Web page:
There are few things as ubiquitous with the 1970s as glam rock. The first half of the decade’s music was shaped by David Bowie in his Ziggy and Aladdin pomp, Marc Bolan’s colourful pixie-like antics on Top of The Pops, and a run of stompin’ great hits from Birmingham’s finest, Slade. Mike Chapman and Nicky Chinn penned a truckload of hits for Mickie Most’s RAK label, making the music mogul’s yacht almost as famous as the acts themselves. In full leathers, Suzi Quatro helped pave the way for a generation of female rock stars and self-confessed “navvies in mascara” Sweet hadn’t “got a clue what to do”. On the artier end of things, there were Roxy Music’s appearances on the Old Grey Whistle Test where Bryan Ferry and company looked – and, indeed, sounded – like they’d been dropped to Earth by aliens and Sparks’ appearances between the likes of The Hollies and Wings on your favourite Thursday evening pop show had ability to frighten small children. It was very much a fertile time for new pop music.
The words innovative and iconic are muchly overused when describing bands in the twenty first century. Both are very much words that apply to New York Dolls. A band that championed excess and trashiness in every sense, they ushered in a sleazy style that joined The Stooges in laying the groundwork for punk, but also providing a core influence for the likes of Motley Crue and the LA glam metal scene that dominated MTV during a decade long after the Dolls first burst of stardom had burnt out.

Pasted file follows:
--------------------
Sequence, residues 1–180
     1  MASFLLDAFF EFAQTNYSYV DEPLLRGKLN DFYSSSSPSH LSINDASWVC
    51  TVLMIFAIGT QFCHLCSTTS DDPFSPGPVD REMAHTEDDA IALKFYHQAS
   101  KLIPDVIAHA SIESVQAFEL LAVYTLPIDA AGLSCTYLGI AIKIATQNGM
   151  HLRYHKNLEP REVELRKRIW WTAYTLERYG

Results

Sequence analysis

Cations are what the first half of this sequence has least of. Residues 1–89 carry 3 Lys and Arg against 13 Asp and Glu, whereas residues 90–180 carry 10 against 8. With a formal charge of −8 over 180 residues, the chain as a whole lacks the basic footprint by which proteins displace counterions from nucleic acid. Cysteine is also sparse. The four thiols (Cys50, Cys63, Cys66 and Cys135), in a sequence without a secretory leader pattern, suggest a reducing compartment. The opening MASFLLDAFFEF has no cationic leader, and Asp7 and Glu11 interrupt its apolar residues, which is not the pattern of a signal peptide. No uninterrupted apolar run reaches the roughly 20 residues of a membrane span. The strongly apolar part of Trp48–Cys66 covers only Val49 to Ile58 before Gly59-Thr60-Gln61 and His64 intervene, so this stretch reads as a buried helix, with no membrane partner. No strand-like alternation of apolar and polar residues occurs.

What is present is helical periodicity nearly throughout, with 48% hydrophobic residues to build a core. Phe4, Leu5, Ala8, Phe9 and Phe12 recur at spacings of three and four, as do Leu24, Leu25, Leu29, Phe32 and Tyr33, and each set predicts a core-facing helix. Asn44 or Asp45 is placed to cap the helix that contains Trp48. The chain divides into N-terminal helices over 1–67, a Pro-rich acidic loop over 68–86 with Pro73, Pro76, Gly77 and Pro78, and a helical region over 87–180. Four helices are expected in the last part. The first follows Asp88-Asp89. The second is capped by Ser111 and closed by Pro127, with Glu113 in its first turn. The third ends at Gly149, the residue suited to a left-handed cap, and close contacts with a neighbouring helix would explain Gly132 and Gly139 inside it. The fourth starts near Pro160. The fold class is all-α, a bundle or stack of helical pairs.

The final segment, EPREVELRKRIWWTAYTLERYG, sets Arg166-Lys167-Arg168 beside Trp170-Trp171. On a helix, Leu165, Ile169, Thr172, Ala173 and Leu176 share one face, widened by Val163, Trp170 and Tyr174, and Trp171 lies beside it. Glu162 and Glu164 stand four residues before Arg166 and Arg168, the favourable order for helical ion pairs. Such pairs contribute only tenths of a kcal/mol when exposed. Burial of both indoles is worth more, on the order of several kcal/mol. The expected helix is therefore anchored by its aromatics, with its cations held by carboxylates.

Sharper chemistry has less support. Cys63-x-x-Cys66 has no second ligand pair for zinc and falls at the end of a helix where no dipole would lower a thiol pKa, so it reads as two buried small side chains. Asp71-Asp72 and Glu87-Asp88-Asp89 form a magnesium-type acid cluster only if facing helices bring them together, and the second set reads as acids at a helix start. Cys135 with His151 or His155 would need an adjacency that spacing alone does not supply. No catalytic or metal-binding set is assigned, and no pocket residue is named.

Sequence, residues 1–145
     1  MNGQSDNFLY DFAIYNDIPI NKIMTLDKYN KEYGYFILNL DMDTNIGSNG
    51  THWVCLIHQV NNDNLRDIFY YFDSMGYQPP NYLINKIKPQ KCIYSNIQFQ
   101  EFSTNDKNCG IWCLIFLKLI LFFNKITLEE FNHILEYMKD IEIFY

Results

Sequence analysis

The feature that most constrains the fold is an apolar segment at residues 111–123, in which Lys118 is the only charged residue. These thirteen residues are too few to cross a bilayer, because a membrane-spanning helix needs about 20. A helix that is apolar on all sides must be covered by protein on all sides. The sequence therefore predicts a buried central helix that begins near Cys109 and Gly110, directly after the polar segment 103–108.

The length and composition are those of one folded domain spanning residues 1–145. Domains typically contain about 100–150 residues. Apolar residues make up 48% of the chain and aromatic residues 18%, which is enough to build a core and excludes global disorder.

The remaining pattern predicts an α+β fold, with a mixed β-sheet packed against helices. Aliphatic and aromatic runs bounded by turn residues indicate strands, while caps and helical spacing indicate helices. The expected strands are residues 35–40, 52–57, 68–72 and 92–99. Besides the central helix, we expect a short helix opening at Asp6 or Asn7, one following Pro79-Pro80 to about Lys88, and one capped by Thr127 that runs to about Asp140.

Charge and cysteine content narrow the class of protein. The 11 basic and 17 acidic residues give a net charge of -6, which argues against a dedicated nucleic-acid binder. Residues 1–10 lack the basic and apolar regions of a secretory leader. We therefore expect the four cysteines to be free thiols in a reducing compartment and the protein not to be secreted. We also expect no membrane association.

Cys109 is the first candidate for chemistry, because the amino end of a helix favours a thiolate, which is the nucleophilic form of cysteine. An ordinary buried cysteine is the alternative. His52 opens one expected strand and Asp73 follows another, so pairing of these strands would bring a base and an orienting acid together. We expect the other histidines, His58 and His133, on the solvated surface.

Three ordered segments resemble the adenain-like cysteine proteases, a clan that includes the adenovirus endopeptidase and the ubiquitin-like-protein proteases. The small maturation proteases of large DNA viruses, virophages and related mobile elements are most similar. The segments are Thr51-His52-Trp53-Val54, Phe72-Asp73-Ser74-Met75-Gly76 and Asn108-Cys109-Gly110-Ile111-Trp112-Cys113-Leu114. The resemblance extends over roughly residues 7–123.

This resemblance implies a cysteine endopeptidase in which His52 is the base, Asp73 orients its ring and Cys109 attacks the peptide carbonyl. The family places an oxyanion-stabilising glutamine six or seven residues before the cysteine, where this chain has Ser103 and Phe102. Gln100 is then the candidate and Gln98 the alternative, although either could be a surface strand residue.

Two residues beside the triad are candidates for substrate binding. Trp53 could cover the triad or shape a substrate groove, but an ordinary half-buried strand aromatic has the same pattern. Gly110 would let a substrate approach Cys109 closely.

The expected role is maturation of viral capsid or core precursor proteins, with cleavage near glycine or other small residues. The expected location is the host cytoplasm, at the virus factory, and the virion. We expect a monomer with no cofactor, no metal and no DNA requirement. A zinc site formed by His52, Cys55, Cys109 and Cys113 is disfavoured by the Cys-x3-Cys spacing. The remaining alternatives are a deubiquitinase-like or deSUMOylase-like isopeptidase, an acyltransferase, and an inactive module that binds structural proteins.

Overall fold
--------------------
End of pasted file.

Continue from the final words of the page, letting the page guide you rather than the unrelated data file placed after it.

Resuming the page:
When Hell In The Club released their debut album back in 2011, it was almost impossible not to be impressed by their retro sound. The Italian rock band truly went back to basics, borrowing riffs from early Skid Row and Motley Crue. By coupling those with anthemic choruses inspired by early Danger Danger, they obviously realised that a job well done would trump any originality at every turn. The result was an album with hooks so massive, it couldn’t fail to win over fans of glammy hard rock with a party attitude. The band worked the same formula for another three albums over the next six years, and although this never resulted in any huge sales, the routine appearance of their records was to the delight of their fan base. Despite changing musical fashions in the rock world, there was still clearly an audience ready to embrace the sounds of their youth…and with open arms.
It’s hard to underestimate the impact Slade had in their prime. With their hybrid of hard rock volume and glammy kitsch they spent a huge amount of time in the UK top 40 between 1972-1984 and they were a phenomenal live act.
When Enuff Z’Nuff are at the top of their game, they’re a fantastic band. Their first three albums (‘Enuff Z’Nuff’, ‘Strength’ and ‘Animals With Human Intelligence’ rank among the best melodic rock and power pop discs ever. From that point on, you’ll find good songs scattered throughout their next half a dozen releases, but the cut and paste nature of these can be a little frustrating. From 1999’s ‘Paraphernalia’ onwards, the band seemed to settle into a pattern of bulking out “new” releases with bits and pieces from their extensive vaults. Their 2000 release ’10’ is a blatant example of this, having been pieced together from recordings made over the previous half a decade. Just one listen to ‘There Goes My Heart’ might even be enough to convince some listeners that the song had been kicking around even longer, such is its quality (being comparable to the best bits of the 1985 demos and the EZ’N debut album). Their 2004 release ‘?’ was even more scattershot, featuring new songs alongside a bunch of material dating back to the ‘Animals…’ sessions in 1992. Frankly, if the songs weren’t good enough in the 90s, they certainly felt like third division off cuts over a decade later.